OPINION: Who’s to blame for the Somali National Army’s (SNA) breakdown in Galgaduud? Hassan Sheikh forgot to mention one key decision-maker. Speaking on X (previously Twitter) on Friday night, the Somali President finally addressed the recent setbacks of the SNA and allied local forces in Galgaduud and vowed to hold those responsible accountable.
Dhuusamareeb, Galmudug State, SOMALIA. By Yahya:
For his address to the nation, the President decided to use a platform that, according to available data, only 1% of the eligible (aged 13 and above) Somali population uses. This rather unconventional selection raises questions about the audience the President intended to reach. Clearly, Hassan Sheikh did not aim to address the vast majority of Somalis who do not use X (Twitter).
Moreover, the President, who appeared visibly tired and stressed in the video, blamed whoever else he could except for one key decision-maker, himself. The lack of self-reflection was uncanny. He admitted that “There is no other place where government forces have suffered such a major loss,” referring to the loss of Osweyne on 26 August. He decided to blame his government, which he is the head of: “We are aware that government officials committed major mistakes.”
Hassan Sheikh promised to hold these officials accountable, blatantly ignoring the fact that the President has the ultimate responsibility for his government officials – their successes and failures. When the SNA and Ma’awisley forces liberated El Buur, the government was quick to celebrate the historic victory.
The Somali National News Agency (SONNA) even reported about an alleged ‘secret meeting’ of al-Shabaab’s ‘top command’ in El Buur, where the members supposedly argued that “it would be a suicide mission to confront the well-equipped and determined national army,” further stressing that the militants agreed to “quietly leave the town to avoid further casualties.”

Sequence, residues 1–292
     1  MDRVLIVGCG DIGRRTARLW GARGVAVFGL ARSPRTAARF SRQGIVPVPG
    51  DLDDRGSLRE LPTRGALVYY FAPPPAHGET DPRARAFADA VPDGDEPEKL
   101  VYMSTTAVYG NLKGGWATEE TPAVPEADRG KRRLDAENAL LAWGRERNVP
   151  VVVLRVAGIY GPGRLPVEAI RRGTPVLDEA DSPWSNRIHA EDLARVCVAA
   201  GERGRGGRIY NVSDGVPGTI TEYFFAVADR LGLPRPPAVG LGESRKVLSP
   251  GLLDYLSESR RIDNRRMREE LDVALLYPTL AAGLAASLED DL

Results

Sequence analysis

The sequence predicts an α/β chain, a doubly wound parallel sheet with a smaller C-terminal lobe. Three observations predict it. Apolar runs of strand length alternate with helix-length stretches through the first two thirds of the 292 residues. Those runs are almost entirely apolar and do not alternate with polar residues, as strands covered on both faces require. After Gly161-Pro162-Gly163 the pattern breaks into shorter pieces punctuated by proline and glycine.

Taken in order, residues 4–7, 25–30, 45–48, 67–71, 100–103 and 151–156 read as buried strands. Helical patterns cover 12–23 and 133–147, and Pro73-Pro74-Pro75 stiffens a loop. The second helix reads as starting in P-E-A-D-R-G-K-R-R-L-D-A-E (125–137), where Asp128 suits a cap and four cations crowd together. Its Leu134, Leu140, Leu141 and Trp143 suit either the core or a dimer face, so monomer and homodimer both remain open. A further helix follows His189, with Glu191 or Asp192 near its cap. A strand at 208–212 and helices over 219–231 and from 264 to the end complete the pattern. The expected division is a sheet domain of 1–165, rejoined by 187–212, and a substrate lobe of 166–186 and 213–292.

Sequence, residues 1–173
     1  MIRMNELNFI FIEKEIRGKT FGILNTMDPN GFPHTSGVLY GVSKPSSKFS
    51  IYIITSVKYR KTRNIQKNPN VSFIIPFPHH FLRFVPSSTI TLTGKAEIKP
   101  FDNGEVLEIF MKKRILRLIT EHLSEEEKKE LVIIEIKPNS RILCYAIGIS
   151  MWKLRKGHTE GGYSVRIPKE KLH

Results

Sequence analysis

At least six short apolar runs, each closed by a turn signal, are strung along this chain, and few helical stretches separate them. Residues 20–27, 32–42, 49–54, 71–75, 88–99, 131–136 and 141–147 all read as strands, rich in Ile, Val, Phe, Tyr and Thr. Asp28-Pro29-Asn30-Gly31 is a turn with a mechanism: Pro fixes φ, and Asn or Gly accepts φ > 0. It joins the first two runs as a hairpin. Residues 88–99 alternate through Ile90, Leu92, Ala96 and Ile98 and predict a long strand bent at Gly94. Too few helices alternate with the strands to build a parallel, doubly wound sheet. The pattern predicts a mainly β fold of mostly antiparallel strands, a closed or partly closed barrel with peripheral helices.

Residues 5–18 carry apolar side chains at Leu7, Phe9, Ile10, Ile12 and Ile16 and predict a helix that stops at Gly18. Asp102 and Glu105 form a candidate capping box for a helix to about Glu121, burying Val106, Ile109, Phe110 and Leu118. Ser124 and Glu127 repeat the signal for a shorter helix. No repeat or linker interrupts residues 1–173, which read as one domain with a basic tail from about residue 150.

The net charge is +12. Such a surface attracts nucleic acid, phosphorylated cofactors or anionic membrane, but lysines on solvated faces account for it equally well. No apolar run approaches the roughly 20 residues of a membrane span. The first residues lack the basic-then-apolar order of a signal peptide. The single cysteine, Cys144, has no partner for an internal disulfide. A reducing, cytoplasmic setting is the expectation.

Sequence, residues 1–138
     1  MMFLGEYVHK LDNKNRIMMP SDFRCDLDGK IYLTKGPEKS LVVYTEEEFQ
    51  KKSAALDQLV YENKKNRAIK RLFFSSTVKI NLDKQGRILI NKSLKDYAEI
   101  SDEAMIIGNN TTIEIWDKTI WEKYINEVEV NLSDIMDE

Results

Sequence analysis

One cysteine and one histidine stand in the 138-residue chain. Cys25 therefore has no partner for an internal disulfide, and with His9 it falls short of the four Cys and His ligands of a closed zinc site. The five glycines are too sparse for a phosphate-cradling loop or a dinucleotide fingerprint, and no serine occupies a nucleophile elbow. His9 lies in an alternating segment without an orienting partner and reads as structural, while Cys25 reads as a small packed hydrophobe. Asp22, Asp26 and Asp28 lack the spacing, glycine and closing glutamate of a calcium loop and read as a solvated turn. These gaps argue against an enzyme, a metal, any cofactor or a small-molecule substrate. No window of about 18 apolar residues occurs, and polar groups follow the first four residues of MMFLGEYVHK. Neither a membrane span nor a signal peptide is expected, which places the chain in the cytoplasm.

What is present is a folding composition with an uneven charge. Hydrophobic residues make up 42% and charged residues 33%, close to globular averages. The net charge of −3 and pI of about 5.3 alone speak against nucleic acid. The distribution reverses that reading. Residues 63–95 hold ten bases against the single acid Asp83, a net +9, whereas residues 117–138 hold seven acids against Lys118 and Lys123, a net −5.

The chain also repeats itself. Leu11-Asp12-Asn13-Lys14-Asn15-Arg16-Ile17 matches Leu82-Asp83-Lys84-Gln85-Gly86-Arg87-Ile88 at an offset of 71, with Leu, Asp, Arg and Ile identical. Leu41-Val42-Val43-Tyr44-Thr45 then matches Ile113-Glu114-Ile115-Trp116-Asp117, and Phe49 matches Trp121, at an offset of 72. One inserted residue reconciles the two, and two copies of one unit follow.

The extent to which this reporting was misleading and misinforming was learned a few days later when al-Shabaab compelled the government forces to withdraw from all the recently ‘liberated’ areas along the southern Galgaduud frontline, including El Buur, leaving the government media conspicuously silent and Somali public astounded.
Adhering to a popular saying, ‘better late than never,’ Hassan Sheikh Mohamud, for the first time on Friday, admitted that government forces and allied Ma’awisley militias suffered substantial losses on the Galgaduud frontlines when fighting al-Shabaab. When addressing Osweyne, he even said that “there [was] no other place where government forces have suffered such a major loss.” He acknowledged that Somali forces had to retreat and emphasized the need to bolster these troops’ morale.
The President of Somalia flagged ‘certain government officials’ as those who committed significant errors and abused their power. Without specifying names, he called on holding these individuals accountable. Speculations immediately flooded the online space, with social media users accusing high-level officials of embezzlement of military logistics and political interference in the SNA’s operations.
However, only a few recalled that the President temporarily moved to Dhuusamareeb to ‘spearhead’ the operations while putting a lot of effort into letting people know that he was in charge. As the state media reported, the President personally assumed command from the Galmudug’s capital, making himself the key decision-maker responsible for everything that went well and wrong.